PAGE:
Suzi's Blog

Brian’s Potato Salad ala Hungary


We have just had the summer solstice and now, officially now, is the season for barbecue and all the side dishes that tradition dictates we bring to the table: beans, slaw, cornbread, potato salad, …
Ah, potato salad. Many of us grew up on that mayo-and-hard-boiled-egg-and-celery recipe, but there are options aplenty. For your consideration, here is minimalist version of potato salad with few ingredients but deep flavor and some heat. This time the heat is not from south of the border, no chipotle here, but instead from Hungary. You’ll be fascinated by what a touch, and I do mean a touch, of hot paprika can do.
If in preparing this salad you do happen to go overboard with the paprika, do not fear. A little additional apple cider vinegar and some salt can restore a modicum of balance.
From this basic recipe, you are free to add in what you want: those hard boiled eggs, or herbs, or some peppers. Even that chipotle. But, on your first pass, stick to this recipe to see how enjoyable a very basic potato salad can be.


Brian’s Potato Salad ala Hungary

Yield: serves 8

• 3 pounds new potatoes
• 5 slices of bacon
• 1 red onion
• 2/3 cup sour cream
• 1/3 cup mayonnaise
• 2 tablespoons apple cider vinegar
• Salt and pepper
• 1 teaspoon hot paprika
• Sliced scallions for garnish, if desired.


Boil the new potatoes until soft to a knife, then allow to cool to room temperature.

In the meantime, cook the bacon until crisp. Set aside to cool.

Slice and then dice the potatoes into thin pieces and place is a metal bowl. Dice the bacon and add to the bowl. Finely dice the onion and add to the bowl.

In a separate bowl, add the sour cream, mayo and vinegar. Whisk to mix. Add salt and pepper to taste. Pour this dressing over the bowl of potatoes, bacon, and onion. Stir slowly to mix. Make sure every piece of potato has dressing.

Add the 1 teaspoon of paprika and again stir slowly to mix and make sure everything is coated. Taste test to your satisfaction. A single teaspoon of paprika will give you some flavor and heat. Add more if you desire, but be aware you’ll soon be creating a paprika, and not potato, salad.

Put the metal bowl in the refrigerator to chill. When read to serve, dust each portion with some sliced scallion.

Source: Brian O’Rourke
Photo Information Canon T2i, EFS 60 mm Macro Lens, F/5.6 for 1/60th second at ISO


Brian’s Real Hash Browns



Yes, the picture shows black. Not burned black. Just really, really well done black. It was my first time. What do you expect?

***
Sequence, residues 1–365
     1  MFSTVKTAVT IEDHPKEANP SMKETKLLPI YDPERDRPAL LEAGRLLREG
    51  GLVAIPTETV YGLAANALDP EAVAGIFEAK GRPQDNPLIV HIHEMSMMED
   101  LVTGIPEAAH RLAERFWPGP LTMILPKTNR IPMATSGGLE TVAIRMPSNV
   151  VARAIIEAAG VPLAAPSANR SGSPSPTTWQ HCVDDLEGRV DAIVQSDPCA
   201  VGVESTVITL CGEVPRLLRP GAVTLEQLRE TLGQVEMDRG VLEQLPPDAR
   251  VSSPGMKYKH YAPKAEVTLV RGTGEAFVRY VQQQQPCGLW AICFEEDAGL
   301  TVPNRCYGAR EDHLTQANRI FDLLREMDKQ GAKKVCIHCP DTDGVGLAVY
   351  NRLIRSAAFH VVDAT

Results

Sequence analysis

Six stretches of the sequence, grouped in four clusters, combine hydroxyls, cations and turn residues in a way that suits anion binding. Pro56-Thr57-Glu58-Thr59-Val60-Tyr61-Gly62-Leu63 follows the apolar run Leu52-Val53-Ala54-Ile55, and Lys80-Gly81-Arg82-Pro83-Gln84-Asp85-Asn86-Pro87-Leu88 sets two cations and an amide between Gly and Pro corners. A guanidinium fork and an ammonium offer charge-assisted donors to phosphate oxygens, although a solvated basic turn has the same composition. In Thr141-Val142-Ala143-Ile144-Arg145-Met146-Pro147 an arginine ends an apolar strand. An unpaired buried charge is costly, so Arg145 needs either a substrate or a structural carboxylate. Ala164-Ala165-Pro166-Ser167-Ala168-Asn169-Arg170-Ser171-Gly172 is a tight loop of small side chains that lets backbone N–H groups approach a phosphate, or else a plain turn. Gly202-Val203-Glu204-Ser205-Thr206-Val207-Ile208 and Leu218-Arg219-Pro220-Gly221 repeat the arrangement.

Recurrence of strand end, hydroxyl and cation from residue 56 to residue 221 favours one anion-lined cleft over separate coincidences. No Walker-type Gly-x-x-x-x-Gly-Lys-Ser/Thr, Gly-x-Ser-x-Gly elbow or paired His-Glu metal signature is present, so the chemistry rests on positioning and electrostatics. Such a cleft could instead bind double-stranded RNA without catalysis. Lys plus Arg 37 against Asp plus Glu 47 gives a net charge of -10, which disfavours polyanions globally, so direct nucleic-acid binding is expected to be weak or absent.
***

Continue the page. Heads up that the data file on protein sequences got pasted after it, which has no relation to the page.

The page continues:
I have made morning potatoes many ways: diced, chopped, sliced, mashed, … But I never shredded before. Never.

After, “I’ll take mine black,” the most common phrase in diners is “And a side of hash browns.” We love them. We devour them. But I had never paid attention before to making them diner style: with the potato shredded.

I have seen packages in the freezer section of shredded hash browns, but I have no idea how they are made or whether they contain, for me, the key side ingredient, onion. Do you how they make the potatoes in frozen French fries? It involves a stainless still grid and potatoes traveling at high velocity.

The technique here, which is quite civilized and not at all industrial, is to first boil the potatoes, so they are cooked, then shred them and add to a pan of cooked onions. That mixture has to constantly tended to, pushed and probed and mounded. I tried to do it, but I was not constantly persistent so, yes, I developed some black spots on the potatoes.

They tasted great.

Into this recipe I have not added the “usual suspects.” No hot or Worcestershire sauce. No herbs or chili peppers. No leeks or chives or bell peppers. This is just potato, onion, salt and pepper.

I’m not against putting those other goodies in, and maybe next time I will dabble. But I wanted a pure diner experiences with perfect, simple flavor. That’s what I got.

In consulting different recipes, I will admit that my version below has about twice the onion in a “normal” recipe. Actually, a very basic hash brown recipe has no onion at all. I consider that style to be anti-diner and I will not go down that path.

Brian’s Hash Browns


Yield: 2 large servings



  • 2 medium russet potatoes, scrubbed, then peeled
  • 1 medium red onion, peeled, then finely diced
  • 4 tablespoons butter
  • Salt and pepper


Boil the peeled potatoes, cooking them to the point of “just doneness.” The potatoes do not cook that long with the onions, so they have to be boiled well. At the same time, you are going to shred them, and if you overcook them then the shredding process will be ugly, messy, and render you with some odd form of mashed potatoes.

How to test for doneness? A sharp knife should just be able to move through the potato with some modest force. If the knife glides through like it is butter, you’ve gone too far.

Remove the potatoes from the heat and allow to cool slightly. This, too, will improves shredding.

Put the butter in a cast iron pan and turn the heat to medium-high. When the butter has melted, add the diced onions and stir constantly. When the onions are soft, and well before any caramelization, quickly shred the potatoes and add to the pan. I use the largest setting on our box shredder for this step.

Mix up the potatoes and onions. Then being a pressing and compressing action. Press down and then press in to compress the size of the mound. Keep up this action for 10 to 12 minutes. Try to lift the mound from the sides to prevent sticking — and to enable you to check for any blackening.

Serve hot with salt, pepper, and hot sauce on the side. Leftovers are wonderful the next day.


Source: Brian O’Rourke

Photo Information Canon T2i, EFS 60 mm Macro Lens, F/5.6 for 1/8th second at ISO‑3200